It’s very initial days for Android N, but with the first release of the Developer Preview we are instantly observing big variations on the horizon. The first and most evident is the fresh notification shade design, which makes huge modifications to both individual notifications and the quick toggles that we’ve all been so fond of in Marshmallow.

Knowing that what we see here is very likely to alter all over the procedure of the Developer Preview being updated, and that what we see here is currently only applicable to Nexus devices, so now let’s see how notifications are changing with the next version of Android.

Notifications

So at first are the notifications themselves. The basic system is quite alike to that of Marshmallow, but a great handful of graphical alterations augment up to quite a diverse experience. Visually, the notifications now cover up full width of the screen, & are also separated by a slimmer line instead of a broad gap — the observed depth of the cards is vividly diminished with these two changes.

Now, the app icons associated with notifications are much reduced, but are separated with name and bangs of color for the app icon to show up from the white, grey and black of the rest of the notification.

However notification bundling was previously incorporated into former Android versions, what we have now turns the handle up to 11: notifications can be bundled up closely with lots of information, and when stretched can be stretched another time to view individual pieces of data and act on them. As this is a head release of the Developer Preview we only have Google’s own apps to go off of here, but Gmail is a good instance of this right now — collecting together several messages into just one notification, then allowing you stretch and act on each.

Obviously we still have the capacity to stretch an individual notification to act on it, whether that’s replying to a message or sharing an image, and those buttons now draw in some of that visual separation with color you see elsewhere in the notification. Google is hopeful of having even more apps to use a new API for replying directly from notifications, as we’ve used it in some apps like Hangouts.

Notifications can be stretched and contracted with the standard two-finger swipe motion, like before, but also small expand and contract buttons are there to the right of the notification subject line, so that you can catch up them fast with a single tap.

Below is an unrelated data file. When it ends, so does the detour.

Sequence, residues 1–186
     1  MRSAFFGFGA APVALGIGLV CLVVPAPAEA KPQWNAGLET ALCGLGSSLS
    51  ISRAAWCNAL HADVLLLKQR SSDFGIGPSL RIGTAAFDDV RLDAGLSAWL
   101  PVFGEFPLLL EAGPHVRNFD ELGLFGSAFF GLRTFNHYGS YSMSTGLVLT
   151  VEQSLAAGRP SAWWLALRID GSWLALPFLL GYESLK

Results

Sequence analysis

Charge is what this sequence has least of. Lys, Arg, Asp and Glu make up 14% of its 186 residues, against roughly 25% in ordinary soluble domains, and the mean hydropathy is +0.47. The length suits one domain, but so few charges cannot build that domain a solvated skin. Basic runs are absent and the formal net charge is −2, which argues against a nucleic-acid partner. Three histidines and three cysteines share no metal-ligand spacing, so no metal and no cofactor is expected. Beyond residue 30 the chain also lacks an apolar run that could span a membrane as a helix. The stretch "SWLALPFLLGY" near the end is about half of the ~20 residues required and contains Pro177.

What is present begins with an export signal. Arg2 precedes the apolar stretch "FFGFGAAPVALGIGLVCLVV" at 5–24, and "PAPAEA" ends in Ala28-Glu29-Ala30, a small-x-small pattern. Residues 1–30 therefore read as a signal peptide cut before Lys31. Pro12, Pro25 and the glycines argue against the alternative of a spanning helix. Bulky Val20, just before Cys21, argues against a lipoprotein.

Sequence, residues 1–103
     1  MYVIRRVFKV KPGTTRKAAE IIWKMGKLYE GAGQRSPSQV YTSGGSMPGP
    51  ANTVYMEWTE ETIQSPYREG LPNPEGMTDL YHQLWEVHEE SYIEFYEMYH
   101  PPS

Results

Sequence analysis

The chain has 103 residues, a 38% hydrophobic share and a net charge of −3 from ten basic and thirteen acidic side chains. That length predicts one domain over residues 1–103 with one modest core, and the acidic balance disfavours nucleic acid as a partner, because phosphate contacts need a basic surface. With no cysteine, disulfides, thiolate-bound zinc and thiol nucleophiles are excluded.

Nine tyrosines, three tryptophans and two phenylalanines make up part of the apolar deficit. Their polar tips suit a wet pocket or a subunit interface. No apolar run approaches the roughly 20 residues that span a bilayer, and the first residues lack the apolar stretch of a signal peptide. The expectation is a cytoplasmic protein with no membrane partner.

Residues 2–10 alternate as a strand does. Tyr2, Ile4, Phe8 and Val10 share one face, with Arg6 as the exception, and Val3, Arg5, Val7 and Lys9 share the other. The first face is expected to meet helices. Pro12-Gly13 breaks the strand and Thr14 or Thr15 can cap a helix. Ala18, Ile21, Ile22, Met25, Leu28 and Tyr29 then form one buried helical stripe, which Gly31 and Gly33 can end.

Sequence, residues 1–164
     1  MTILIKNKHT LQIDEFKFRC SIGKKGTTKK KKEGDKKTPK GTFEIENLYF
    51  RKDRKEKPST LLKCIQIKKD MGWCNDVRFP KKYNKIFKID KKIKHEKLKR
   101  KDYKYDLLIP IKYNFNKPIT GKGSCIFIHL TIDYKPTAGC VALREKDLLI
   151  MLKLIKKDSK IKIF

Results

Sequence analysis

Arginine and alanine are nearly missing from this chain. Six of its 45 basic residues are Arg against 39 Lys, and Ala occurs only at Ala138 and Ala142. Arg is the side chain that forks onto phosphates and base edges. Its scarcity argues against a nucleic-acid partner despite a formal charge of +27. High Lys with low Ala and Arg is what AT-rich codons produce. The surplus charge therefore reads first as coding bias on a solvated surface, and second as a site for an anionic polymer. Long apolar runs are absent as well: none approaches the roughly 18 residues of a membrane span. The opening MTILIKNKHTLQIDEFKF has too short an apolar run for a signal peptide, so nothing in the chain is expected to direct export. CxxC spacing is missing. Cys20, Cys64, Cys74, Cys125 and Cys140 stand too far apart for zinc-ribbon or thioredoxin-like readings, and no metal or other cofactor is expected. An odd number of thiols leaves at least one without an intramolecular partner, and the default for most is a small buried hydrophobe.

One concluding standout feature is a innovative selection for handling how notifications are carried to the notification shade. In Marshmallow you are able to make a long press on the notification for bringing up a notification settings menu to block an app altogether, but now there are 3 options as follows. In place of a long press we can now swipe a slight (as opposite to a full swipe to dismiss) for bringing up a settings icon, that when tapped uncovers a new menu right in the notification.

We now have the option to set each notification, by app, to come in normally, come in silently or not come in at all. The standard notification we’re all used to, would be,” Do not silence or block” where your handset can make noise and vibrate as it reaches. “Silently” is how Google Now shells some low-priority notifications today: it will still smash your notification shade, but you will see it only when stretching your notifications and you would not get notified with vibration or sound. “Block” works just the way we think.

Further settings can also be tapped, which in some ways are duplicative. The only other choice here is to mark the app to override your Priority mode; it means you can let it alert you at any time, even when you have sound else turned off on your device.

While this notification system is only working this way currently on the Android N Developer Preview for Nexus devices and isn’t finished yet, it’s an enjoyable set of functional and visual modifications that have us thrilled for developers to take in and use. Altogether, they get a nice enhancement in the manner notifications work.

Notification quick toggles

The first change to notice in the notification shade is that right at the top of the notification shade; you have access to your top five quick toggles with just one swipe, instead of having all toggles secreted behind a second swipe. Those toggles function with a single tap initiating the toggle and a long press making your way to the appropriate settings area where appropriate, just as you’re used to.

A further swipe down on the bar discloses the full set of toggles, as in Marshmallow, but now you can reveal a second page of quick toggles as you swipe left, if you so wish. So now how do you get that many toggles? Now Android N Developer Preview has the decision to fully customize the quick toggles.

Stretching the quick toggles shade and selecting “edit” takes you to a new interface for choosing and rearranging which quick toggles you want displayed. Long press any toggle and drag it around to rearrange, hide or show it from the view. You can have any from 0 to 9 toggles accessible in the shade, and if you add more than 9 toggles, the additional toggles will show up on the 2nd page.

With the first 5 (looking left -> right, top -> bottom) showing in the non-expanded view, you can rearrange it in any way.

The changes in the Android N Developer Preview to the way the quick toggles function are pretty much like what Android supporters have been requesting for since Android has been around. This is also one of the parts where Android makers have questionably done a well job than Google itself — now the playing field is a little closer.

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